COPD and Hypertension

Living with multiple conditions.

According to the American Lung Association, 24 million Americans suffer from the effects of chronic obstructive pulmonary disease (COPD), with only half officially being diagnosed with the condition. In case you didn’t know, COPD is a progressive form of lung disease that ranges from mild to severe. The disease usually features a restriction of airflow into and out of the lungs that makes breathing difficult. COPD also encompasses emphysema and chronic bronchitis.

COPD is not a disease to be taken lightly. As the third leading cause of death in the United States, ongoing research is being conducted to fully understand all aspects of the disease, including the relationship of COPD and other medical conditions. One such relationship is the effects of COPD and hypertension (high blood pressure).

The Connection between COPD and Hypertension

According to the Mayo Clinic, hypertension is defined as a common condition in which the force of the blood against a person’s artery walls is high enough that it may eventually cause severe health issues. The more blood that the heart pumps and the narrower the arteries are, the higher the blood pressure. How are COPD and hypertension connected then?

As you may have guessed, COPD takes a significant toll upon the body. Breathlessness, weight loss, sleeping and eating problems, and a depletion in energy are just some of the effects that the disease can cause for a person. COPD can also affect the workings of the heart. The nature of the disease forces the heart to work overtime.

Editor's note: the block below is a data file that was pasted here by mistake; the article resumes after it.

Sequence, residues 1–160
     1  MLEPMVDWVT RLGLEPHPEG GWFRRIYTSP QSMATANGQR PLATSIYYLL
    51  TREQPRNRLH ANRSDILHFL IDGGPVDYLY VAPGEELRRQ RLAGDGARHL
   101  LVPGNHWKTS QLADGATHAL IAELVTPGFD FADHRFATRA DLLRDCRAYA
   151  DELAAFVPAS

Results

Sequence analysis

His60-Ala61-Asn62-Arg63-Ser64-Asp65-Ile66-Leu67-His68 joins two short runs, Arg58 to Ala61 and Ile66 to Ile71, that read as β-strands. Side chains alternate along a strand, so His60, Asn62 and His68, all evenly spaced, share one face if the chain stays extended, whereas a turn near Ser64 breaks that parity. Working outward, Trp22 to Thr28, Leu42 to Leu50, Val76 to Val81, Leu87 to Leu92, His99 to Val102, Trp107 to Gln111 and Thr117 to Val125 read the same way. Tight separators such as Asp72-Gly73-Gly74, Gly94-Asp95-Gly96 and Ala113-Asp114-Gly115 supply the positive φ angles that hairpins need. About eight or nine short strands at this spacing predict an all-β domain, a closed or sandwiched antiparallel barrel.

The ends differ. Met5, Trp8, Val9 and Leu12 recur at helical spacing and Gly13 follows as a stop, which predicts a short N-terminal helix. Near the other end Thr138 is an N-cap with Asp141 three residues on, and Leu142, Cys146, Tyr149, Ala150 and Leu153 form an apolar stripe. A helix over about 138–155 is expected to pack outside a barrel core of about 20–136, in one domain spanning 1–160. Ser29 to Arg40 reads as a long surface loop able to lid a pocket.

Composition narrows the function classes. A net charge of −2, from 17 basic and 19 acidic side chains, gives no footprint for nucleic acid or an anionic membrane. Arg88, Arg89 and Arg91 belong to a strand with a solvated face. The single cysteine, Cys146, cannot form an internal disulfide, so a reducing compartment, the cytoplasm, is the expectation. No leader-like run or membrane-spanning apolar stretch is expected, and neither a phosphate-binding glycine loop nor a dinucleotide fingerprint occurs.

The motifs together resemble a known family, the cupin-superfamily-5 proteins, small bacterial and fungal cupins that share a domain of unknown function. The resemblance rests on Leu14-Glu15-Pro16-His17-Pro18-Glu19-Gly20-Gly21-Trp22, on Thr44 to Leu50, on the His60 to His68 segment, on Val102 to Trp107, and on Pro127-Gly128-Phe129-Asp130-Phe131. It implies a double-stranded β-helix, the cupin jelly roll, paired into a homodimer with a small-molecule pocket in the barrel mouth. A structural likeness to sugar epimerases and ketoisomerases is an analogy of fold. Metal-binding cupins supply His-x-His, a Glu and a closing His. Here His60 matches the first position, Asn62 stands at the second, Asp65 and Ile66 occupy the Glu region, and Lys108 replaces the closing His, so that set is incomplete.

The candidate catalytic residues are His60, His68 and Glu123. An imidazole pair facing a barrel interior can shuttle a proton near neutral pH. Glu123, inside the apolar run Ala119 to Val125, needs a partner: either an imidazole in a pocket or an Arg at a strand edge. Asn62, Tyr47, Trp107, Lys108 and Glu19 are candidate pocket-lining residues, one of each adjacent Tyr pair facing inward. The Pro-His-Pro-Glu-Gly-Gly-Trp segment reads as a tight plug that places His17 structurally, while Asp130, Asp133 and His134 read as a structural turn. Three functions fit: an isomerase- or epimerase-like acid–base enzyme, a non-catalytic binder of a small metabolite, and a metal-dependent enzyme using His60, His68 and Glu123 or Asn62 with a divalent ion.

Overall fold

Since the lungs are damaged, the amount of oxygen that goes to the blood is reduced. This produces high blood pressure in the blood vessels from the heart to the lungs, and makes it even more difficult for the heart to pump much-needed blood to the rest of the body. This lung disease can also cause the body to produce more red blood cells, which can make the blood thicker and harder to pump. The COPD and hypertension working together forces the person to breathe faster in order to take in more oxygen.

COPD and high blood pressure is not uncommon among patients. A doctor may test for hypertension frequently to keep track of your progress. Both of these conditions can be treated with proper medications and certain lifestyle modifications that can help improve your quality of life. If you suffer from COPD and hypertension, talk to your doctor about the best course of treatment for you.

If you or someone you know suffers from COPD and are interested in learning more about cellular therapys, please contact one of our patient care coordinators today at (800) 729-3065 to schedule a free consultation.

* Every patient is given a Patient Satisfaction Survey shortly after treatment. Responses to the 11-question survey are aggregated to determine patient satisfaction with the delivery of treatment.

^ Quality of Life Survey data measured the patient’s self-assessed quality of life and measurable quality of improvement at three months of COPD patients.

All claims made regarding the efficacy of Lung Institute's treatments as they pertain to pulmonary conditions are based solely on anecdotal support collected by Lung Institute. Individual conditions, treatment and outcomes may vary and are not necessarily indicative of future results. Testimonial participation is voluntary. Lung Institute does not pay for or script patient testimonials.

As required by Texas state law, the Lung Institute Dallas Clinic has received Institutional Review Board (IRB) approval from MaGil IRB, now Chesapeake IRB, which is fully accredited by the Association for the Accreditation of Human Research Protection Program (AAHRPP), for research protocols and procedures. The Lung Institute has implemented these IRB approved standards at all of its clinics nationwide. Approval indicates that we follow rigorous standards for ethics, quality, and protections for human research.

Each patient is different. Results may vary.